1. Primary applications must be filed with the Associated American Dental Schools Application Service (AADSAS), which is a centralized application system. It includes a personal statement. Once the application is complete, AADSAS forwards it to whichever schools the student has designated.
2. Secondary applications or supplementary forms are specific to individual dental schools; schools send these to applicants after they have received the AADSAS application. Both frequently request additional information, essays, and letters of recommendation. Some schools screen applicants before the applications or forms are sent out. However, secondary applications and supplementary forms differ in that the latter is not a formal application.
3. Interviews: After reviewing the primary and secondary applications (or supplementary forms), dental schools invite promising applicants to interview. Applicants are responsible for all costs incurred while interviewing, including airfare, lodging, ground transportation, professional attire, and meals. To learn more about interviews, attend our upcoming interview-related orientations and workshops here. For sample interview questions click here.
Traffic Rules: Although the application process varies from school to school, ADEA has established “traffic rules” to ensure fairness for all concerned. The rules are available online and stipulate both schools’ and applicants’ rights and responsibilities during the application process. All applicants should be familiar with these rules before applying.
- The more you know about the school, the better your chances of being accepted.
- Most application questions can be answered by reading the ADEA Official Guide to Dental Schools.
- Contact individual schools’ admissions offices to find out how they handle:
- Advanced Placement (AP) credits
- International Baccalaureate (IB) credits
- College-Level Examination Program (CLEP) credits
- military credits
- courses taken at a community college
- non-US coursework
- courses taken for credit/no credit instead of a grade
- residency issues
- time limits on prerequisite science courses
Financial Planning is a crucial step in applying to dental schools. It is important for students to create a plan and make decisions in their educational expenses. Students are highly encouraged to budget their finances before, during, and after dental school. To learn more about financial planning, click here.
WICHE: Hawai`i residents are eligible to participate in the Professional School Exchange Program (PSEP), a service of the Western Interstate Commission for Higher Education (WICHE). PSEP enables qualified residents from WICHE participating states affordable access to enroll in selected out of state professional healthcare programs at participating WICHE institutions when such programs are not available at a public institution in their home state. Many Hawai‘i residents must attend professional schools out-of-state to obtain the necessary education and training needed for professional healthcare positions. Therefore, the State of Hawai‘i, through WICHE PSEP, helps subsidize the tuition costs for qualifying Hawai‘i residents to attend a participating WICHE PSEP program. In return, WICHE PSEP students are required to return to work in the State after completing their program of study.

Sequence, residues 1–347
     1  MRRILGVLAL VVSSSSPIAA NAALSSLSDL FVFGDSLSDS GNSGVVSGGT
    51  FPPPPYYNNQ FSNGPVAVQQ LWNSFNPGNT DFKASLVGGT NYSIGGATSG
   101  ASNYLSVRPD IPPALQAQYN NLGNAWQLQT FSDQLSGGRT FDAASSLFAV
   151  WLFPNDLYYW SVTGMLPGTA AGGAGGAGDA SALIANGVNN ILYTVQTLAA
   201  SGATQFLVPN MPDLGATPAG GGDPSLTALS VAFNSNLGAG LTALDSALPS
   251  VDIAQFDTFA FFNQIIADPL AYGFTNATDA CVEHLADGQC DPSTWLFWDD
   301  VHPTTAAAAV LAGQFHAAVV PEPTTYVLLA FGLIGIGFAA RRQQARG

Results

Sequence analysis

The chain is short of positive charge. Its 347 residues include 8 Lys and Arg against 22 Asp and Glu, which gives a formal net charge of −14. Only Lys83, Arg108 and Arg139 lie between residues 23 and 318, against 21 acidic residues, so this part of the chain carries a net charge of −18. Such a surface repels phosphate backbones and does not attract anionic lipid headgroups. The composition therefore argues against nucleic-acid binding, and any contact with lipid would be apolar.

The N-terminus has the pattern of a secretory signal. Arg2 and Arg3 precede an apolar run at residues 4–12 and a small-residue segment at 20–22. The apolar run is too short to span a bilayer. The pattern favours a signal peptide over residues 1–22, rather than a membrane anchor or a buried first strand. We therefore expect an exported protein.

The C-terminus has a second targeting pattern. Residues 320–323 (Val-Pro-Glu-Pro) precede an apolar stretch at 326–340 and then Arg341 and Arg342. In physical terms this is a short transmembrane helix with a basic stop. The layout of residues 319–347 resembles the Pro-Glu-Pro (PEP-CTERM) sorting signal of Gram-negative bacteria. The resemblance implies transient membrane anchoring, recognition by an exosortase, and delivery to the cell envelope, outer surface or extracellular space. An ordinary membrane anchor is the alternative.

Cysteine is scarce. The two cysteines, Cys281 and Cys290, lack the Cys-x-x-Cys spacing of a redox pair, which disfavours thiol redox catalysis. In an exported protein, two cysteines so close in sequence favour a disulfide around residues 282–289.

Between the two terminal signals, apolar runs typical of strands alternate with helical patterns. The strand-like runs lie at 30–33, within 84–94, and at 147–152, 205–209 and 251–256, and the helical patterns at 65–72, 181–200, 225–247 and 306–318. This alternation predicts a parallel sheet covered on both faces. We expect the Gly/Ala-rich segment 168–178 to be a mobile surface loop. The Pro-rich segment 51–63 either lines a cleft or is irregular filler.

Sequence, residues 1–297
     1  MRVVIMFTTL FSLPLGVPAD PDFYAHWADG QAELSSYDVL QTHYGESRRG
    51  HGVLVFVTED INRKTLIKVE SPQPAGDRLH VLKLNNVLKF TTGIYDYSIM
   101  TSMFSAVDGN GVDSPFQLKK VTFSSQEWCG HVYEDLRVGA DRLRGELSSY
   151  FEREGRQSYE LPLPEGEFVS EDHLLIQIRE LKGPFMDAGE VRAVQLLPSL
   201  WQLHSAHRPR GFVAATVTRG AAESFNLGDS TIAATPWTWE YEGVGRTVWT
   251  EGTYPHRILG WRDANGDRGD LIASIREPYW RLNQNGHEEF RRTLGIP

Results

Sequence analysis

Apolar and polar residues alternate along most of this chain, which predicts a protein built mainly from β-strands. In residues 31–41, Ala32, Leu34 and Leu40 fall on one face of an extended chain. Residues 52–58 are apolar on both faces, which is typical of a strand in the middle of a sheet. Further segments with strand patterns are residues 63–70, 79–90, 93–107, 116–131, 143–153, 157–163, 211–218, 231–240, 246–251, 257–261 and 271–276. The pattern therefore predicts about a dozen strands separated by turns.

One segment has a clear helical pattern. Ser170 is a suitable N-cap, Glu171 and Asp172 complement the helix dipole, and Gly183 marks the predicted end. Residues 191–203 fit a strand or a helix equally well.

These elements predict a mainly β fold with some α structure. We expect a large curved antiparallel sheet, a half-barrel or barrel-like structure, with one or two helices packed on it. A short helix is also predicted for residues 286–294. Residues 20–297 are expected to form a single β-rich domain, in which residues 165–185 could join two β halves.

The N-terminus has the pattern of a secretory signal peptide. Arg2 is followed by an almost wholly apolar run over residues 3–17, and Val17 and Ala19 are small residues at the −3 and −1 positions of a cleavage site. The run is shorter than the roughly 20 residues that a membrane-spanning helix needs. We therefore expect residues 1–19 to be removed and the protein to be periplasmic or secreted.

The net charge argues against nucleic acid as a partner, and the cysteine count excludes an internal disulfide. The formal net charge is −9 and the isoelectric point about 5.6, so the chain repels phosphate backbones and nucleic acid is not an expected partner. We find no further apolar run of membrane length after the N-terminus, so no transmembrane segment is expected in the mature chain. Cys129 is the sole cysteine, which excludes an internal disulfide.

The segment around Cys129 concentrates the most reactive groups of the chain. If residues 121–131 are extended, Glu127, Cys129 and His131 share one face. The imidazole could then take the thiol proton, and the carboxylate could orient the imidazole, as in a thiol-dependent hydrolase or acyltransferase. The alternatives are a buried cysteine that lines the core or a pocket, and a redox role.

PSEP selected students pay reduced levels of tuition at the WICHE participating institution. The home state pays a negotiated “support fee” designed to cover a portion of the cost of the students’ education; this fee is paid directly to the enrolling program’s institution. No payments are made directly to students. Students enrolled at public institutions generally pay the resident tuition rate, however, students may be required to pay the unmet non-resident tuition differential if the WICHE PSEP support fee does not cover the entire non-resident tuition differential. Students enrolled at private institutions pay the balance of the full private tuition minus the WICHE PSEP support fee.
Support is available to a limited number of Hawai‘i residents studying dentistry and enrolling at participating WICHE PSEP schools. For a list of participating schools, click here.
For more information on the Hawai’i WICHE PSEP program, please visit www.hawaii.edu/wiche.
Note: To be considered for this scholarship, you must apply one full year in advance of matriculation, generally in the summer of your application year.
UH Mānoa’s Pre-Health/Pre-Law Advising Center (PAC) has reference books, lists of volunteer opportunities, academic planning worksheets, and one-on-one advising by peers who can help you prepare for and apply to dental school.
|Associations||American Student Dental Association (ASDA)
American Dental Education Association (ADEA)
American Dental Association (ADA)
|Learn More About Dentistry||ADEA GOdental|
|Entrance Exams||Dental Admissions Test (DAT)|
|Researching Schools||ADEA Official Guide to Dental Schools
Physical copy available at PAC
|Applications||Associated American Dental Schools Application Service (AADSAS)|
|Financial Aid||Western Interstate Commission for Higher Education (WICHE)|
|International Volunteer Opportunity||Health – Clubs and Organizations|